Judi Marden, the new director of communications for the American Academy of Facial Plastic and Reconstructive Surgery, doesn't think that Retin-A, a prescription drug for acne that recently was reported to reverse wrinkles and other signs of aging skin, is going to change the face of the plastic surgery industry.

"To be real honest, it's not going to affect us that much," Marden said.

"Retin-A and other drugs have been in existence for years now. While it does help superficially, it doesn't prevent aging skin."

According to Marden, people still will need plastic surgeons to do face-lifts because of a number of other factors -- including loss of skin elasticity, loss of moisture, and deepening wrinkles -- that contribute to an old and tired looking face.

Marden, 40, is the first director of communications for the academy, which has 3,000 members.

The AAFPRS was founded in 1964 and is the world's largest organization of surgeons who specialize in facial plastic surgery.

The group consists solely of those who perform surgery on the face, head and neck, as opposed to general plastic surgeons who operate on all parts of the body. Over the past three years, membership in the academy has increased 50 percent, reflecting the growth of specialized plastic surgery.

In her new position, Marden hopes to increase media and public awareness about the options available in facial plastic surgery.

For example, she said, it still is a popular belief that plastic surgery is for the affluent, but a 1986 study conducted by the academy found that nearly half of all facial plastic surgery patients earned less than $25,000 per year.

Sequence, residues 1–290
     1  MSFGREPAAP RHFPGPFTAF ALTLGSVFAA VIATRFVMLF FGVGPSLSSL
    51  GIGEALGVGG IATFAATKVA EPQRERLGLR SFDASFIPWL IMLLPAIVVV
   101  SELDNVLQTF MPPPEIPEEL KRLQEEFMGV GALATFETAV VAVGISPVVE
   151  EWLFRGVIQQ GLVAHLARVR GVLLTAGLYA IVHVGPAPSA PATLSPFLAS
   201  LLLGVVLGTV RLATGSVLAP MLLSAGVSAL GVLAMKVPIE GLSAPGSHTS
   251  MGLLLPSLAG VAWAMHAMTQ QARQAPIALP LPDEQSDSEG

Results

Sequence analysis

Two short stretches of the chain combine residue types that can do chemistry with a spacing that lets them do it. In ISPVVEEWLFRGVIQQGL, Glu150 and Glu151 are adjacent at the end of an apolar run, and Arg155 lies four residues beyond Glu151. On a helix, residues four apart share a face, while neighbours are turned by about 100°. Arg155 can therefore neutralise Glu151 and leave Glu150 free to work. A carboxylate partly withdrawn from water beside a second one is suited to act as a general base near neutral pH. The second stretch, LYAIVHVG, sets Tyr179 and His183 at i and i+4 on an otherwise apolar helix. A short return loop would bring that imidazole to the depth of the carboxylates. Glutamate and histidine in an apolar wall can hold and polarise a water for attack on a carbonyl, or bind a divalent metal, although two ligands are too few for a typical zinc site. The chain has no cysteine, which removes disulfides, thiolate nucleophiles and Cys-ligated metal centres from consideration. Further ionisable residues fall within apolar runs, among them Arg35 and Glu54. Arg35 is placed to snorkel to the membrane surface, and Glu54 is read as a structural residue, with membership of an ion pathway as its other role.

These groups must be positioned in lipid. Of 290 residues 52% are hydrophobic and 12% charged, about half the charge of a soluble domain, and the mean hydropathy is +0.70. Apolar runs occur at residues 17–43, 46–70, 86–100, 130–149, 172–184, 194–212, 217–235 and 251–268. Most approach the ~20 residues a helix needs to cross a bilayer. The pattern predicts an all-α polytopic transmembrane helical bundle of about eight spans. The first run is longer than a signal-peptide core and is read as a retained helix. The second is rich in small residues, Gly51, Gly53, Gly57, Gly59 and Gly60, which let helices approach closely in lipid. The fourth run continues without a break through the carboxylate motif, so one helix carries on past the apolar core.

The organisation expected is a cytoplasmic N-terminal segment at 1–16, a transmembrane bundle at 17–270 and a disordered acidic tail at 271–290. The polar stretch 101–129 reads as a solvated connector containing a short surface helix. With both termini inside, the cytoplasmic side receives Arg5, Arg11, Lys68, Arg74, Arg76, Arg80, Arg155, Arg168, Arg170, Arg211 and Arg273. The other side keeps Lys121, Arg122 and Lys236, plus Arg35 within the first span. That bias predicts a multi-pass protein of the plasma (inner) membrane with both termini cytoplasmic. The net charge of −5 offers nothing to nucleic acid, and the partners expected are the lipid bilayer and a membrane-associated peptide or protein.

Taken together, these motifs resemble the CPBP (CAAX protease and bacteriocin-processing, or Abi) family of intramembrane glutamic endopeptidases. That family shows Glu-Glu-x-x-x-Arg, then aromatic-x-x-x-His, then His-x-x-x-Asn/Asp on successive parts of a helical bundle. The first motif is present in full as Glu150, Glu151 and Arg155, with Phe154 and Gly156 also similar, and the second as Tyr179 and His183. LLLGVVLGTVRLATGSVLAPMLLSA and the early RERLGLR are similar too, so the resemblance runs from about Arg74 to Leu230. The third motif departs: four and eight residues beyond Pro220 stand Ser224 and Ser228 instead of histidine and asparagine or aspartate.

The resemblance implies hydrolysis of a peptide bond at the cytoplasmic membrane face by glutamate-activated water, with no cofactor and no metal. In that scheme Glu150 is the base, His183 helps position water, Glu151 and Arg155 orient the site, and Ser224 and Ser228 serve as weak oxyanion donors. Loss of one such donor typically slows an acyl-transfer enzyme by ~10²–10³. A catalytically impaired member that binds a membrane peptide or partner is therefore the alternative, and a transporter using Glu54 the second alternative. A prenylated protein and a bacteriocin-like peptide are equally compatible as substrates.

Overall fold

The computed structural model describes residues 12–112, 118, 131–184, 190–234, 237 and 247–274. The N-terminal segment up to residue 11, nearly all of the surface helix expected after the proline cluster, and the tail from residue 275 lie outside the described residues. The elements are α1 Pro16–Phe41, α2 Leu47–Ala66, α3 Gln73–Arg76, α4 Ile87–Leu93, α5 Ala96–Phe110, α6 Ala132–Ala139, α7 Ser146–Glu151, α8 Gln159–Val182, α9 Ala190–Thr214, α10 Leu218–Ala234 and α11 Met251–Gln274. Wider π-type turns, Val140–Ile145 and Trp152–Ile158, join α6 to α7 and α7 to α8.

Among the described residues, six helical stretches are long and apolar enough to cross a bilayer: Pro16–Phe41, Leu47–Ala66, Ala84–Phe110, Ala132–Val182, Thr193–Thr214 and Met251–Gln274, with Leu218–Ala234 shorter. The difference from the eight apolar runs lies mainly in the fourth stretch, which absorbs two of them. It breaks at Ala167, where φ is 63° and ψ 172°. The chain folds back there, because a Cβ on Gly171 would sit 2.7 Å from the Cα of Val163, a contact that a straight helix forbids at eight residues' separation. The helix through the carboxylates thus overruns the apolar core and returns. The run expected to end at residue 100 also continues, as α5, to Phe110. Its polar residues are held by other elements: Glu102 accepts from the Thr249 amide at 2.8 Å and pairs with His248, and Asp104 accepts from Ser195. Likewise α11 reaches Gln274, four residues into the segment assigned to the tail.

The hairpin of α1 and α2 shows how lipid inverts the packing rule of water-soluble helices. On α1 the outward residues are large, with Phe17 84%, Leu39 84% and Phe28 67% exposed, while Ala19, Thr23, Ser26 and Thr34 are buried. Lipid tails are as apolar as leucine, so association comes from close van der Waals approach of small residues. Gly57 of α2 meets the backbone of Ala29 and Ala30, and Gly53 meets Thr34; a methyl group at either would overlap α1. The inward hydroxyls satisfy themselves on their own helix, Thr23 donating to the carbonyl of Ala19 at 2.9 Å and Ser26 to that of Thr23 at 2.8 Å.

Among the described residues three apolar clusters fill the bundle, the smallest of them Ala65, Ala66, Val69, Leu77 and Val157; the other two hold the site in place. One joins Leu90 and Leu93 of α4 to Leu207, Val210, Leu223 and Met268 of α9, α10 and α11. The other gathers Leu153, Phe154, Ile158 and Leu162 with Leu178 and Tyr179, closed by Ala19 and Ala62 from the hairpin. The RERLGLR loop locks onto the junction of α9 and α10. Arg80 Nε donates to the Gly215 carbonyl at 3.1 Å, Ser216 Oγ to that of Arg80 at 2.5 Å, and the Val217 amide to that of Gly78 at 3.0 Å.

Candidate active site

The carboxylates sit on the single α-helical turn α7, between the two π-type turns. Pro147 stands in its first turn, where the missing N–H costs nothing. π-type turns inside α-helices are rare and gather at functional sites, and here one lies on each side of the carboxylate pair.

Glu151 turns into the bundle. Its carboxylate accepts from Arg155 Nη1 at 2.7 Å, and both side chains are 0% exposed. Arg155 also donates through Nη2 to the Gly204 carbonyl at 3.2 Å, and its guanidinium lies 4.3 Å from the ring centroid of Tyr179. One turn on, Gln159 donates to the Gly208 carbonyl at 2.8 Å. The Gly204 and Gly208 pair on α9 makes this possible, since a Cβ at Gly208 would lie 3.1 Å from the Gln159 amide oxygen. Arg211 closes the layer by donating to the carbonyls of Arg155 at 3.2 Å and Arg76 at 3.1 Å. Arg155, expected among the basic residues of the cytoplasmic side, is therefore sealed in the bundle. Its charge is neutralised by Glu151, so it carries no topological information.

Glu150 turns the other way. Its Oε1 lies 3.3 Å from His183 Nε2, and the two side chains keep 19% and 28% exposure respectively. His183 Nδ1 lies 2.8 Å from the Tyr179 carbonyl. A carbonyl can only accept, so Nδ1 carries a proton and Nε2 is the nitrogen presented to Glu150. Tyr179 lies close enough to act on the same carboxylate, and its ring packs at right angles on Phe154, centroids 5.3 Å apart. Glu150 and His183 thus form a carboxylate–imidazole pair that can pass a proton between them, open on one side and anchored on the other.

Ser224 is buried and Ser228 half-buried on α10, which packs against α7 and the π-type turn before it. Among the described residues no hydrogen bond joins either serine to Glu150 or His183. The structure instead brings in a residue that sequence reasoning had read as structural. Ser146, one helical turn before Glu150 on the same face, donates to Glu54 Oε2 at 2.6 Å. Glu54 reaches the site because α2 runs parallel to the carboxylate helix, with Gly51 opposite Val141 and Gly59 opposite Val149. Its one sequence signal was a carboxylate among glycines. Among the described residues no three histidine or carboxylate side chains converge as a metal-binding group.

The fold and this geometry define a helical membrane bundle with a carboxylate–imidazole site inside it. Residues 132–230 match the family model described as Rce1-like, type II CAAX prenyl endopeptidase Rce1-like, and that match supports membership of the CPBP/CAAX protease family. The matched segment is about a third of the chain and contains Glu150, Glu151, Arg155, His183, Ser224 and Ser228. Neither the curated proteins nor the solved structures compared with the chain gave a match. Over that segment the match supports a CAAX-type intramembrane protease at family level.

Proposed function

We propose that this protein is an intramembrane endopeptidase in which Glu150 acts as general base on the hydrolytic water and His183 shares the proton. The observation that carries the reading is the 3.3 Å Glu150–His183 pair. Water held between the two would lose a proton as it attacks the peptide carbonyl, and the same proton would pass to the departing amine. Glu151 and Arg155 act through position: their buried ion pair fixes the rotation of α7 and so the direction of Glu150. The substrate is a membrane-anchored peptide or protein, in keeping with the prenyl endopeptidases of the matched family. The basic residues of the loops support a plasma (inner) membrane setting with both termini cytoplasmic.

Another recent study found that most candidates for plastic surgery were not older people seeking the "fountain of youth." Instead, the findings showed that 53 percent of all patients who had plastic surgery were under 39 years old.

According to the academy, the most commonly performed procedures by facial plastic surgeons include nasal surgery, face-lifts, chin augmentation, eyelid lifts and ear repositioning.

In 1986, an estimated 900,000 people had facial and reconstructive surgery.

Marden also plans to combat what she called "an aggressive campaign" on the part of general plastic surgeons. "A lot of the lay public doesn't know about board certification for facial plastic surgeons," she said.

Members of the academy must be certified by a board recognized by the American Board of Medical Specialties.

"We represent a group that works on one region of the body. They spend a total of six years studying, two years in general surgery on the head and neck followed by four years on all aspects of the head, the muscles and the bones," Marden said.

Prior to coming to AAFPRS, Marden worked as associate director of communications for the Chemical Specialties Manufacturers Association.